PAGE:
Global Shipping Industry Faces Pressure to Address Greenhouse Gas Emissions

Published Apr 4, 2024
image
The International Maritime Organization (IMO) faces mounting pressure to address greenhouse gas emissions from global shipping. Advocates, including the EU, Canada, and Japan, propose a charge on emissions to fund low-carbon fuels and support sustainable practices. However, countries like China and Brazil suggest alternative approaches to mitigate impacts on trade-dependent economies. Despite differences, IMO members seek consensus on global regulations. A draft outline of an IMO net-zero framework emerged from recent meetings in Mar-24, aiming to meet emissions reduction targets set in the IMO Strategy on GHG Emissions Reduction. Discussions continue, with implications for the future of the shipping industry and global sustainability efforts.

The International Maritime Organization (IMO) is currently under significant pressure to address the issue of greenhouse gas (GHG) emissions from the global shipping industry. With mounting concerns about climate change and environmental sustainability, various countries and organizations are advocating for stronger measures to mitigate the sector's impact on the planet. Among the proponents of these measures are the European Union (EU), Canada, Japan, and several climate-vulnerable Pacific Island states. These countries are pushing for the implementation of a charge on greenhouse gas emissions generated by international shipping. The proposed charge would involve imposing a fee on each metric ton (mt) of greenhouse gas produced by ships engaged in international trade.

Support for this policy has been gaining momentum, with the number of countries backing the initiative more than doubling from 20 in 2023 to 47 countries this year. Proponents argue that the charge could generate significant revenue, estimated at over USD 80 billion annually. This revenue could then be reinvested to develop low-carbon shipping fuels and support economies transitioning to more sustainable practices, particularly in developing and vulnerable regions.

However, there are dissenting voices, with countries like China and Brazil expressing reservations about the potential impact of such a charge on trade-dependent emerging economies. These nations are advocating for alternative approaches, such as a global fuel emissions intensity limit coupled with financial penalties for breaches. This approach would focus on regulating the efficiency of fuel use rather than imposing a blanket levy on all shipping emissions.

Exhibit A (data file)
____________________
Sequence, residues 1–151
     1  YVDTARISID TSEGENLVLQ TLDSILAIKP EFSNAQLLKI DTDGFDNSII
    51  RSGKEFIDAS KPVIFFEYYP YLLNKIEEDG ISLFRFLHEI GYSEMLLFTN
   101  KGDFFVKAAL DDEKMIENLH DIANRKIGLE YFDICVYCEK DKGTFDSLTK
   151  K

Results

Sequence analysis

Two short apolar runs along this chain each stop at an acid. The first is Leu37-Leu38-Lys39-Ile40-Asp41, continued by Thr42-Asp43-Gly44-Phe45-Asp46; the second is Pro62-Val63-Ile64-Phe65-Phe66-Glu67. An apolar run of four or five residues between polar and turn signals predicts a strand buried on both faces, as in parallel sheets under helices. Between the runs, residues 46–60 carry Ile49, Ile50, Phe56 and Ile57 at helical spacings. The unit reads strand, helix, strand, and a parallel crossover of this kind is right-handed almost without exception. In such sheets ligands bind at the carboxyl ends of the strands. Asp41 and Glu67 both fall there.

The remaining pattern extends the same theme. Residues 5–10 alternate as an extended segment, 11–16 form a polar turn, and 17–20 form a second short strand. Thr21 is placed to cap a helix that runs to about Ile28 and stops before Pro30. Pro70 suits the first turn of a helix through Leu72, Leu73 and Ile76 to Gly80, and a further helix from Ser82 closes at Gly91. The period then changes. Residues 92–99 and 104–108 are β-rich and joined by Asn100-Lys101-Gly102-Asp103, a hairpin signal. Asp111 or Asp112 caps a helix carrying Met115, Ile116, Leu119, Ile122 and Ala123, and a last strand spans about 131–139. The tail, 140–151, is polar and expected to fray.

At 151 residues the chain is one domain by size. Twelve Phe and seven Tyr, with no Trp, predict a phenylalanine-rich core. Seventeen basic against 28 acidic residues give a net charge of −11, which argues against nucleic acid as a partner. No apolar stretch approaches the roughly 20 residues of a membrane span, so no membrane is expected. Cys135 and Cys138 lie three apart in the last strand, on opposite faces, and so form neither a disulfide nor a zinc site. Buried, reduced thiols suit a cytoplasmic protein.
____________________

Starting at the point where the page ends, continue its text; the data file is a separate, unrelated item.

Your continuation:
Despite these divergent viewpoints, IMO member nations are striving to agree on international policies to reduce greenhouse gas emissions from shipping. Establishing uniform laws across countries is crucial because fragmented markets with disparate local norms could present obstacles to trade. The management of the charge and the distribution of its proceeds is one major outstanding question. Industry insiders advise creating the policy to reduce emissions rather than increase money as a means of striking a middle ground. Such an approach would be consistent with initiatives to address climate change and move toward a more sustainable global economy.

A potential draft outline of an IMO net-zero framework was produced at the Maritime Environment Protection Committee meeting in London from March 18 to 22, 2024, which is a step toward the adoption of international laws for greenhouse gas reduction measures in the shipping sector. As stated in the IMO Strategy on the Reduction of GHG Emissions from Ships, which came into effect in 2023, these actions are necessary to meet the emissions reduction targets. The framework will be finalized at the upcoming conference in September after further discussion of these items. The result of these discussions will significantly impact how the maritime industry functions globally going forward and how it approaches the problems of environmental sustainability and climate change.

Figure 1: The Maritime Environment Protection Committee (MEPC 81) meeting in London from March 18 to 22, 2024.

Source: IMO
By clicking “Accept Cookies,” I agree to provide cookies for statistical and personalized preference purposes. To learn more about our cookies, please read our Privacy Policy.